Graham, who has echoed Trump’s baseless claims sowing doubt in the results of the election, asked Raffensperger on Friday about the state’s signature-matching law, which has been the target of misinformation from the president, the secretary of state told The Washington Post.
Here’s how the outlet described Raffensperger’s account of the conversation:
Graham questioned Raffensperger about the state’s signature-matching law and whether political bias could have prompted poll workers to accept ballots with nonmatching signatures, according to Raffensperger. Graham also asked whether Raffensperger had the power to toss all mail ballots in counties found to have higher rates of nonmatching signatures, Raffensperger said.
Raffensperger said he was stunned that Graham appeared to suggest that he find a way to toss legally cast ballots. Absent court intervention, Raffensperger doesn’t have the power to do what Graham suggested because counties administer elections in Georgia.
“It sure looked like he was wanting to go down that road,” Raffensperger said.
Graham denied the allegations, calling Raffensperger’s characterization of their discussion “ridiculous.”
“If he feels threatened by that conversation, he’s got a problem,” Graham told The Post. “I actually thought it was a good conversation.”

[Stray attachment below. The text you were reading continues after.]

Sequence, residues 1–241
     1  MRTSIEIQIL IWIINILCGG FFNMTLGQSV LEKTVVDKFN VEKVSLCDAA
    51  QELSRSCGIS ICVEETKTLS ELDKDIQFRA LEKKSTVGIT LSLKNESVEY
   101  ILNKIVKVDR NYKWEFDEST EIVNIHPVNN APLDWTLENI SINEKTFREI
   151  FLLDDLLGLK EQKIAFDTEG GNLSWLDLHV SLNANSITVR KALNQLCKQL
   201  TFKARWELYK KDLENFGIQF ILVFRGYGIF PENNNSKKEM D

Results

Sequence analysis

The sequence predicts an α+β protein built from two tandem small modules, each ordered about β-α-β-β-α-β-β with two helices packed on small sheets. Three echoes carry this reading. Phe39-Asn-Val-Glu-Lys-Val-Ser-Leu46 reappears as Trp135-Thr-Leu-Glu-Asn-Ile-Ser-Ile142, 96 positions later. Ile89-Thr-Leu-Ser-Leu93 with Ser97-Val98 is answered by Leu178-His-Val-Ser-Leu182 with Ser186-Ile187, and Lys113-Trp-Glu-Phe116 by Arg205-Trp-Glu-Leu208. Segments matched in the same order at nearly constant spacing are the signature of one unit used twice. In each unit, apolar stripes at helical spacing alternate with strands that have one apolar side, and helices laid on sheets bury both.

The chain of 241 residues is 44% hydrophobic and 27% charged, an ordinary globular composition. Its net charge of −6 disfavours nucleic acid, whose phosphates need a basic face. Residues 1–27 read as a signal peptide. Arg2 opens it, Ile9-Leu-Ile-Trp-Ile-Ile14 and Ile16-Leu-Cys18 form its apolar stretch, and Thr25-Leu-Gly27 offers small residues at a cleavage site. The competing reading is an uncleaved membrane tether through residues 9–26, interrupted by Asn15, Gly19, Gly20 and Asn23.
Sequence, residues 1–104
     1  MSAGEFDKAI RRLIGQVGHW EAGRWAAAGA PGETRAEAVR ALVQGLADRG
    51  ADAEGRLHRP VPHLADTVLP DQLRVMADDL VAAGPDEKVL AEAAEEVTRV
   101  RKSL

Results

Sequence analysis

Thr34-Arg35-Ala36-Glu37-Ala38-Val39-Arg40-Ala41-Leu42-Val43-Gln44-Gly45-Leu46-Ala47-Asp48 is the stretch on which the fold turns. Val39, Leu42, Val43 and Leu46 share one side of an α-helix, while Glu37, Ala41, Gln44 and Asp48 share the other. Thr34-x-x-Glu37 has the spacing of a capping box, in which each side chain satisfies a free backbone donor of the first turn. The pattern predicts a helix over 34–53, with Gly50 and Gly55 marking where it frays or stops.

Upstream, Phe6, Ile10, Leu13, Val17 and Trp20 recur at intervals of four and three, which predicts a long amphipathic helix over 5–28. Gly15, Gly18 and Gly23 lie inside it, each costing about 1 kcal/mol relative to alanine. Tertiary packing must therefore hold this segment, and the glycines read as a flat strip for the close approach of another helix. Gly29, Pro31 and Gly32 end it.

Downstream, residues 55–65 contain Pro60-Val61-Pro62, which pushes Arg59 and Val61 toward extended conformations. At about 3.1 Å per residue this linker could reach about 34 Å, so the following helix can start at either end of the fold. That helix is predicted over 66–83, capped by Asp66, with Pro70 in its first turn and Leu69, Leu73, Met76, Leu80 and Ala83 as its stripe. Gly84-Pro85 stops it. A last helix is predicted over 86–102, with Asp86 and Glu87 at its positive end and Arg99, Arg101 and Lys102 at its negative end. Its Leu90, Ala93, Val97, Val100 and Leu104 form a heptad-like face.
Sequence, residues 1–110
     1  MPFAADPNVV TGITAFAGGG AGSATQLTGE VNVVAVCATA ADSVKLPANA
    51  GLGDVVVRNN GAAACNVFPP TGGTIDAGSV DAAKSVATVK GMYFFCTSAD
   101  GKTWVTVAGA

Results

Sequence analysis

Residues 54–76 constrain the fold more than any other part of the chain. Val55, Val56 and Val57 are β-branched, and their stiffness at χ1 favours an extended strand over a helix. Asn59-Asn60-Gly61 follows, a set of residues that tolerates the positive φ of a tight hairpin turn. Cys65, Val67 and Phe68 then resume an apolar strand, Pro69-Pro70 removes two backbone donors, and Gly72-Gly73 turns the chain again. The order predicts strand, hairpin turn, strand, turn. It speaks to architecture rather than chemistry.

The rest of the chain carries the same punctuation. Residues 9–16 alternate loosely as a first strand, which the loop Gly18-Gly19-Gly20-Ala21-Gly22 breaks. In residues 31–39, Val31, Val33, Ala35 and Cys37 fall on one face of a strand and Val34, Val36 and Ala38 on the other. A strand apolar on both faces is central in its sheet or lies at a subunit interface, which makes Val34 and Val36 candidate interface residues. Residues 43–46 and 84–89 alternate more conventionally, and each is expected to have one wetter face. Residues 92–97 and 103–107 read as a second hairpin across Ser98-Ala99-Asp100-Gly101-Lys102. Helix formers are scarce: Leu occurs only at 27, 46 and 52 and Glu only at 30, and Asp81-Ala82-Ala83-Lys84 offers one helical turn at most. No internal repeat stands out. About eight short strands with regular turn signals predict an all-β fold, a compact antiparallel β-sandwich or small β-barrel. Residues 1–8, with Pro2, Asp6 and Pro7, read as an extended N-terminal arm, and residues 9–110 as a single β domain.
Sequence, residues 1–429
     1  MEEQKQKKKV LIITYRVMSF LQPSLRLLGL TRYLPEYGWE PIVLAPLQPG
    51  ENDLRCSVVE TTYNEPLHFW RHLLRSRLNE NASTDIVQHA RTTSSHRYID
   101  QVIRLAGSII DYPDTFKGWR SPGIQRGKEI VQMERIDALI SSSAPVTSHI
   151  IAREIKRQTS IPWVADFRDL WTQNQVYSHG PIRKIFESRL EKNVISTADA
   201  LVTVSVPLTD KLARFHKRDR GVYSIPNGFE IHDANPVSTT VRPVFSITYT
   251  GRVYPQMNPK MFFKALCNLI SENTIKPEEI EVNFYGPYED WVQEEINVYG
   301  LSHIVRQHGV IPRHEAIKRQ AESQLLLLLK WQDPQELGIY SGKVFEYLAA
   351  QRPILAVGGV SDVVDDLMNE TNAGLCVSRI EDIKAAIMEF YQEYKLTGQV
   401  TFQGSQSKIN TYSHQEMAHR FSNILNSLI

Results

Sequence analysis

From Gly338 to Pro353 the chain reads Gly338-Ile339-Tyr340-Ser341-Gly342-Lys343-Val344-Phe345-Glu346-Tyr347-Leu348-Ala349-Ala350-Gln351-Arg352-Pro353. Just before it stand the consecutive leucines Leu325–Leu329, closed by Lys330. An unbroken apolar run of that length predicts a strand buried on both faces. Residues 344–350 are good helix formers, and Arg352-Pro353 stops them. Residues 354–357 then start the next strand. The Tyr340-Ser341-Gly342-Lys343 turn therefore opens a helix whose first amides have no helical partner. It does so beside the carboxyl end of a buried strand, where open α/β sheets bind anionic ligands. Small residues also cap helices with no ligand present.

But Raffensperger told The Wall Street Journal that Graham had placed two calls to his office, adding that staffers were present on the second occasion.
“I’m asking him to explain to me the system,” Graham told The Hill. “If you send a mail-in ballot to a county, a single person verifies the signature against what’s in the database. They don’t mail out ballots. You got to actually request one. So they expanded mail-in voting, and how you verify the signature, to me, is the big issue of mail-in voting.”
Graham later admitted that he had also called officials in Arizona and Nevada as a senator concerned about the integrity of the election.
On the same day that Graham spoke to Raffensperger, Lin Wood, an Atlanta attorney and Trump supporter, filed a lawsuit seeking to block the certification of the election results until all absentee ballot envelopes could be inspected. Trump also targeted Raffensperger over the signature-matching rules.